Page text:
• barnett_135
    3 years ago
    last modified: 3 years ago

    Received a beautiful waxy bulb for my birthday on 12/1/17. Please take these out of the plastic container (too humid). Mine came with a wire ring so it can sit perfectly straight. Planning to purchase for family members. I love mine!!! After they bloom I think it should be potted if you intend to keep. These are meant as care-free holiday decor. Can't wait for it to be in full bloom .

  • barnett_135
    3 years ago
    last modified: 3 years ago

    Update:

  • dondeldux
    3 years ago

    It's lovely, but make sure to remove the wax as soon at it's through blooming and plant it in soil. It should reward you another year with more lovely blooms!

  • Pavel
    3 years ago

    Cut the stem with the flower - put it in the vase - it will bloom same time.

    The bulb will keeps more energy for regeneration. Of course clean the wax from bulb and grow in substrate. Good luck.


  • Lois Jenken
    3 years ago

    I bought one last year and loved it

    planted it and it came back beautiful

  • Vicki D
    3 years ago

    I understand why competent gardeners are passionate about this. However, those of us with brown thumbs may see it differently. My friend, who has heard me complain about my difficulty growing plants, bought me one as a gift. It is beautiful! I just assumed it was a one and done deal, as marketed, and would bite the dust when it finished blooming, as so many of my plants have done. After reading this, I may *attempt* to salvage it for another year (after it’s done this year), but I don’t have high hopes. In the meantime, this non-gardener is able to enjoy a gorgeous living flower on her dining room table.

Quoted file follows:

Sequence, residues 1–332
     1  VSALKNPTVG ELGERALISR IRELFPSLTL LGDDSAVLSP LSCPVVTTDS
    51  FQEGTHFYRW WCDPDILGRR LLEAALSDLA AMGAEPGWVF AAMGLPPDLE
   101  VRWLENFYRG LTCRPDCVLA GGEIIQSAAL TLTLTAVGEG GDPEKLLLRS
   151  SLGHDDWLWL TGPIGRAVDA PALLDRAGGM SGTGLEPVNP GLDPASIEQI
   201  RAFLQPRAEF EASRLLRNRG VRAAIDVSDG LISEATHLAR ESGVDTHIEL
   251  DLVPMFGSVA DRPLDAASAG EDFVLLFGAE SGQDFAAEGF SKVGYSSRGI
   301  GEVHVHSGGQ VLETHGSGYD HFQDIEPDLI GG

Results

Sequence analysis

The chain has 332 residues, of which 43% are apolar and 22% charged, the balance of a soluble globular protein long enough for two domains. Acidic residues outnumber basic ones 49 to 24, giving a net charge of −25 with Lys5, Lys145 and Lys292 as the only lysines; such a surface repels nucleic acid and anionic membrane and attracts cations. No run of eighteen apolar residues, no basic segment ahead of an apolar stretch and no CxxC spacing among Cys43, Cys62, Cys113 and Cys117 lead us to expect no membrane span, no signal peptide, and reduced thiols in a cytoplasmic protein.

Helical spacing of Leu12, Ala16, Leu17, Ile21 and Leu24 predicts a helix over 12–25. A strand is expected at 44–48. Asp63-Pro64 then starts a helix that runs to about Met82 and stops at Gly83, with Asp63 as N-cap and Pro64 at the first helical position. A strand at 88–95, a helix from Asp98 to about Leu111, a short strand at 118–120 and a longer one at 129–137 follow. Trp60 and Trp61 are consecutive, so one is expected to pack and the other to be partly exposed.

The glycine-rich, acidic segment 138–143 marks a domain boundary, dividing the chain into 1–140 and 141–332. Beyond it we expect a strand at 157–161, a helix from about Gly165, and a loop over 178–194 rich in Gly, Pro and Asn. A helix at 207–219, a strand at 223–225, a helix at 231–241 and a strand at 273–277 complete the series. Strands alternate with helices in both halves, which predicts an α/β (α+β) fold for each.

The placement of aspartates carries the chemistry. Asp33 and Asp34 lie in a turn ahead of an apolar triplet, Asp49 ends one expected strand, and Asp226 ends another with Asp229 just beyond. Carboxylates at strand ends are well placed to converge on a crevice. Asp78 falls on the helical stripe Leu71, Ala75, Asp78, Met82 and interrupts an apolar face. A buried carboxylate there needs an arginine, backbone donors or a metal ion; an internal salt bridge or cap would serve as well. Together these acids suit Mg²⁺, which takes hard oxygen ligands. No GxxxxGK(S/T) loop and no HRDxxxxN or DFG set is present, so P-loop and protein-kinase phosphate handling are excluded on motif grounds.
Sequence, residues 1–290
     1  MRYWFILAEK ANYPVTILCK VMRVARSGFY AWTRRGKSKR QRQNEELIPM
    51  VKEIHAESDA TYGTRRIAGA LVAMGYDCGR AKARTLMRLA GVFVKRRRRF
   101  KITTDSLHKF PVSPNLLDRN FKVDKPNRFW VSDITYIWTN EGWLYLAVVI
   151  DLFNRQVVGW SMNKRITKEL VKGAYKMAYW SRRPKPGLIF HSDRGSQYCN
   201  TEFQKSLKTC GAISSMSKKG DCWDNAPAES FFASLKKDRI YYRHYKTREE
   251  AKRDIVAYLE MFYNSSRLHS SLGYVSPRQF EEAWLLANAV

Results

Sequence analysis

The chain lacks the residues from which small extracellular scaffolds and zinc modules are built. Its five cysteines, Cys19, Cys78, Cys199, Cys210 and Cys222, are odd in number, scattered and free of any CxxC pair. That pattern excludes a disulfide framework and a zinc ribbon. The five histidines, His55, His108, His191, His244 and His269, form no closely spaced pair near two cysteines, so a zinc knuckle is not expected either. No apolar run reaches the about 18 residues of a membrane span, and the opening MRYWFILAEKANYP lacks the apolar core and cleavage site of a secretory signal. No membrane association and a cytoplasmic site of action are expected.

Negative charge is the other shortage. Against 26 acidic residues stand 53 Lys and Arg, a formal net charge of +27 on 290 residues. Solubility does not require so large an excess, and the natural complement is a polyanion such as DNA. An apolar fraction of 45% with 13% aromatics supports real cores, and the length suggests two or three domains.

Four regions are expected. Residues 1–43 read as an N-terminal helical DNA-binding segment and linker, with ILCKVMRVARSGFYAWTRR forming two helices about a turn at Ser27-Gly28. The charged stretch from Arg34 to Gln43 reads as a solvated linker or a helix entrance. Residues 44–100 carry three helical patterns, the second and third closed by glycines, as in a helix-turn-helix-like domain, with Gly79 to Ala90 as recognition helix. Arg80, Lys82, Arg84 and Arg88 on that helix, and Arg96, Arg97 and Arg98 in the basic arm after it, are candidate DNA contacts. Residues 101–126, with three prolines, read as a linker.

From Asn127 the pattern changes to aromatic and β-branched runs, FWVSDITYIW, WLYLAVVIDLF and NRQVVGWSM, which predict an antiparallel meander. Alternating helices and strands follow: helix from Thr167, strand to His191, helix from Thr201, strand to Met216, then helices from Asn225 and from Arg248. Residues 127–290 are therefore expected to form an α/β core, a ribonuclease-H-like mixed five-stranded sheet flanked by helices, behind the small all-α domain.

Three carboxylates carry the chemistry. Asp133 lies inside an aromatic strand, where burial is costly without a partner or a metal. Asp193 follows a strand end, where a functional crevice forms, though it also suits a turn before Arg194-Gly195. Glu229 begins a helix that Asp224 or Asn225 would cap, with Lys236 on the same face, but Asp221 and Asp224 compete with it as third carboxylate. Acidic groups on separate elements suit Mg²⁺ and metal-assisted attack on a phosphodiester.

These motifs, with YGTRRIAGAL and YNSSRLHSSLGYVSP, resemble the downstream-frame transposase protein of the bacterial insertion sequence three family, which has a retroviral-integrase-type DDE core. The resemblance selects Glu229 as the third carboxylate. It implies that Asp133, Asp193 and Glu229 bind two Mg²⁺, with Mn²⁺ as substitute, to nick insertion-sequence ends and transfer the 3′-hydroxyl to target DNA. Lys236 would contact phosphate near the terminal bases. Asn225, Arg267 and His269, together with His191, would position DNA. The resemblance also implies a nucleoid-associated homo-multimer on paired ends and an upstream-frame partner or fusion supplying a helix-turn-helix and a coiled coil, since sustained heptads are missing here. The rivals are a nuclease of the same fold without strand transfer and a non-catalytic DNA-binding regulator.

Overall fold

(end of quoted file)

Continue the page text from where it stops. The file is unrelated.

• JL (Zone 6B MA)
    3 years ago

    I hear you Vicki - I have a brown thumb too! Pretty much killed any houseplants I’ve had over the last 20 years some quicker than others. But this past year I’ve realized if you learn what the right conditions are for your plant , you can grow things! I originally came to this site in my search for the wax encased bulbs and what the deal was with them and am now completely hooked on trying to grow them past a single season!


    Happy growing!

  • JL (Zone 6B MA)
    3 years ago

    Wow - if you thought the wax encased bulbs are bad - see what I found in my grocery store here today! They’ve probably had them for a while but I’ve only just started recognizing amaryllis blooms everywhere I go! In my opinion this seems even worse as it is a waste of the bulb as well as the whole piece will need to be thrown once the bulb is done blooming so it’s a double waste!


    Seriously it’s also such a sloppy job - it’s like my kids hot-glued this together in an art project!

  • Valerie Narunsky
    3 years ago

    Thank you so much for this post! I would have thrown out my waxed bulb, but now after just a week potted, my amaryllis is showing signs of life and it looks like a flower reward!

    It had no roots, and was showing no signs of life until I put it in this pot.

  • dondeldux
    3 years ago

    Congratulations, you are being rewarded!! I'm sure your bulb is breathing a sign of relief!!! Are there drainage holed in your "paint can" ??

    Please post a picture of the happy flower when she blooms!!

    Donna

  • The WizDad
    3 years ago

    Attempted a rescue of my wifes Xmas bulb... After months in that wax though I the bulb was half its original size. I'll post an update in a few weeks.

  • zachplantguy
    2 years ago


    These bulbs are the heads of The amaryllis. What these companies did is sadistic greedy and cruel. (This bulb was starting to die... I do not usually kill plants unless they are suffering)... I actually circled the brain of the plant where all of the structures that morally should be called plant nerves are located...

  • zachplantguy
    2 years ago


    Do you see what I’m saying? Look at the similarities!!! A plant is an upside down animal equivalent!!!

  • zachplantguy
    2 years ago

    Here a diagram


    Colored areas are nervous systems...

  • berkeleysgr8
    2 years ago

    Thank goodness injured bulbs are able to regenerate better than injured human brains! Do you know that sliced up bulb can continue to grow too? As long as the base of the bulb (basal plate) is intact, new bulblets can be formed! -Tina

  • zachplantguy
    2 years ago